Tanner played for TStreet when she was younger and is now coaching, following in the footsteps of her dad Troy Tanner, who won two NCAA titles as an assistant coach for the BYU men’s program. He also coached Misty May and Kerri Walsh to a gold medal in the 2008 Summer Olympics.
By Adam Burns
KANSAS CITY, Mo. – On the biggest stage of the TC NIT, Munciana Samurai 18s was up for the challenge. Even if it was a daunting task.
The kids from Muncie, Indiana, bounced back after dropping the first set to take down star-studded Sunshine from Los Angeles (23-25, 25-22, 17-15) in a thrilling Elite Division Championship contest Monday afternoon inside Bartle Hall at the Kansas City Convention Center.
“They challenged us,” said Munciana outside hitter Eva Hudson, who recorded a match high 25 kills. “It was scary to come out here on the big stage, but to prevail is just amazing. We really came together as a team, which was great because (Sunshine) is such an amazing team.”
Highlighted by outside hitter Elia Rubin and setter Kelly Belardi – a pair of future Stanford Cardinal players – Sunshine boasted 11 Division I bound players out of the 12 on this weekend’s roster.
“How about that?” Munciana head coach and club owner Mike Lingenfelter said. “It had to be a street fight because they were so good.”
Like most of the match, the two sides stayed within two points of each other and endured 11 ties during the third and final set. Hudson and Lovie Wallace (uncommitted) each delivered a kill to knot the score at 14- and 15-all, respectively. Then, Hudson notched a crucial kill for a 16-15 lead prior to a game winning combined block from Wallace and North Carolina bound Ella Bostic.
“It was amazing,” Hudson said of her final kill. “I knew that I could swing away because my defense was going to cover me up. To have that confidence in each other is even that more amazing.”
Sunshine went 7-2 overall in the three-day NIT. On Championship Monday, they beat Tri-State Elite in straight sets (25-20, 25-21) and Skyline in two (25-23, 25-17). A5 Mizuno was the other club to beat Sunshine (28-26, 21-25, 15-5).
“The volleyball was very high level. (Munciana was) very, very tough,” Sunshine coach (LA) Ali Fathali Nejad said. “But we were happy because we had practiced for this situation. We were prepared and we knew this tournament was very tough. We had the path but unfortunately we had some errors. We have to go back and work.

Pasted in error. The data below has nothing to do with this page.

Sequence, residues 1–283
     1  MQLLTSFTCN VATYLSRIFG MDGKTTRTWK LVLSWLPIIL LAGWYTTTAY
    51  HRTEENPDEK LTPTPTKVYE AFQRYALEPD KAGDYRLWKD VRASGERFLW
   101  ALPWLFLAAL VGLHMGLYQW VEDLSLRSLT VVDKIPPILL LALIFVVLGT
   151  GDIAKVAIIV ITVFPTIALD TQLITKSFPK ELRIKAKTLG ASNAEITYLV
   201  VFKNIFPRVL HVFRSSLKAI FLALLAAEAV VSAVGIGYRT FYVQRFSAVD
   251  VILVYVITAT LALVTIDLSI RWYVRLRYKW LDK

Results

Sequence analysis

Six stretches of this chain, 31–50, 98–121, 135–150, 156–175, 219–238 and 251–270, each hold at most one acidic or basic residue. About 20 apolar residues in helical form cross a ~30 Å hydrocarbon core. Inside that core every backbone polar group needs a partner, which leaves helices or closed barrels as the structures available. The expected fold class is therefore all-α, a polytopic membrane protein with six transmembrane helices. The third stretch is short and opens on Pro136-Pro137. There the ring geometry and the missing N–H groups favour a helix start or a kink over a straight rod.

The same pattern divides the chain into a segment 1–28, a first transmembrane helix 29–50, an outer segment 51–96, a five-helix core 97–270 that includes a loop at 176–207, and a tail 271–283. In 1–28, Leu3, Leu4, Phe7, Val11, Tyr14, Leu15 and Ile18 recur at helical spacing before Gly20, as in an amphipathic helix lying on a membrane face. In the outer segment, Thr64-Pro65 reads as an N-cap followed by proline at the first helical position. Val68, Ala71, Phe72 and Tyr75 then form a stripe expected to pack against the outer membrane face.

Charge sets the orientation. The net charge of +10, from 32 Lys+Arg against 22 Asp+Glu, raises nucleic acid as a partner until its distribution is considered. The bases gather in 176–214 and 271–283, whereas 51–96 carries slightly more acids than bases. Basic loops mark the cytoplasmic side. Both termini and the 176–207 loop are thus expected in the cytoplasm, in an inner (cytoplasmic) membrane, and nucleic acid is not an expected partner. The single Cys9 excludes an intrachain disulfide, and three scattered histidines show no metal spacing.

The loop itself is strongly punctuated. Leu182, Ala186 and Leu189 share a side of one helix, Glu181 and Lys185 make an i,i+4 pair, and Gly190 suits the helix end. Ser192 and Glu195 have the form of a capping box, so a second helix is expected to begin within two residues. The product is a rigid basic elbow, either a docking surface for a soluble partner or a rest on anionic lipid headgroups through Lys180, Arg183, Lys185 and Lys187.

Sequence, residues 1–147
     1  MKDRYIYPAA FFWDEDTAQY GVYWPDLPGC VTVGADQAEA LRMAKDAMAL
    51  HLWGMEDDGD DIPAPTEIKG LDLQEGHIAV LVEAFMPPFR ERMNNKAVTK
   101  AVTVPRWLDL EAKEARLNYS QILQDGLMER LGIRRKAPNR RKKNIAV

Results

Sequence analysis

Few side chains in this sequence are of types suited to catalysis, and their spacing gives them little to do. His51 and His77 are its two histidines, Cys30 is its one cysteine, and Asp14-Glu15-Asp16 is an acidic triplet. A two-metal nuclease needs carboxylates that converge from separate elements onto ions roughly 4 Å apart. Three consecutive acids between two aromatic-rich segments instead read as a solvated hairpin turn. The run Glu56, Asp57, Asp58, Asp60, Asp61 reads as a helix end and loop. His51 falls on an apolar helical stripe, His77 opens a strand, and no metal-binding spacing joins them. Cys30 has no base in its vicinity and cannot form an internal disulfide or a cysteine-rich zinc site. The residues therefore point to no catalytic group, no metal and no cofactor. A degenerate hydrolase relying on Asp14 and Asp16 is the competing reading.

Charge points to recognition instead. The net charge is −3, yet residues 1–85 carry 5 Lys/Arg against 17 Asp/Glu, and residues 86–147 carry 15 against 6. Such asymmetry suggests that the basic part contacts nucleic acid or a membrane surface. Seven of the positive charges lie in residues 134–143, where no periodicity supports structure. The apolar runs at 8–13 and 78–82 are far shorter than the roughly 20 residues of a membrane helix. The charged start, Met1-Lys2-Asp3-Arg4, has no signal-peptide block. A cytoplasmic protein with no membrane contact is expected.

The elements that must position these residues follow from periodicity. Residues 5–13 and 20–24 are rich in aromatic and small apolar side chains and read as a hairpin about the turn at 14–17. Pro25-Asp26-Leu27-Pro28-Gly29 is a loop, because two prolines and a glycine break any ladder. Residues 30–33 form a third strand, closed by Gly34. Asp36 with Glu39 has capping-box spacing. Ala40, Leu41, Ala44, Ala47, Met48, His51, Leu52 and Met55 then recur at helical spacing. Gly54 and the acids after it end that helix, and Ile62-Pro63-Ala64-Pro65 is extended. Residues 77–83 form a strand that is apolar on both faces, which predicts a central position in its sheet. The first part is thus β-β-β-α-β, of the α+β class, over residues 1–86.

“We’ll meet this team again in nationals and hopefully this tournament will prepare us for that.”
Munciana, which went 8-1 overall and beat Club V (25-13, 25-13) in the quarters and PVA Elite (25-18, 25-19) in the semis on Monday, relied heavily on the right arm and hops of the 6-foot-1 Hudson throughout the title match, especially late.
Hudson, who recently decommitted from Notre Dame due to the departure of former Irish coach Mike Johnson, hammered home eight of her team’s 17 points in the third set.
Lingenfelter wouldn’t have it any other way.
“I can tell you this,” he said. “In the last possession, if we got the transition, I told them to get it to (Hudson). She got us to the dance, so we’re going to dance with her. … That kid is as good a player as I’ve ever had. And I’ve had some pretty good ones. What’s amazing is that she’s a really gutsy player, but it’s something that’s lost in volleyball today; she’s got great volleyball IQ. She feels the game, I mean, and I think the special one’s do.”
Tight until the 20s in the first set, Sunshine used a 5-1 late run to claim the opener. The Los Angeles squad then started the second set strong with a 6-3 lead. However, a big-time block from Liberty University bound Brooke Elliott and kills from Wallace and Hudson ignited a Munciana 6-1 run and 9-7 lead. But, more importantly, a jolt of momentum and confidence.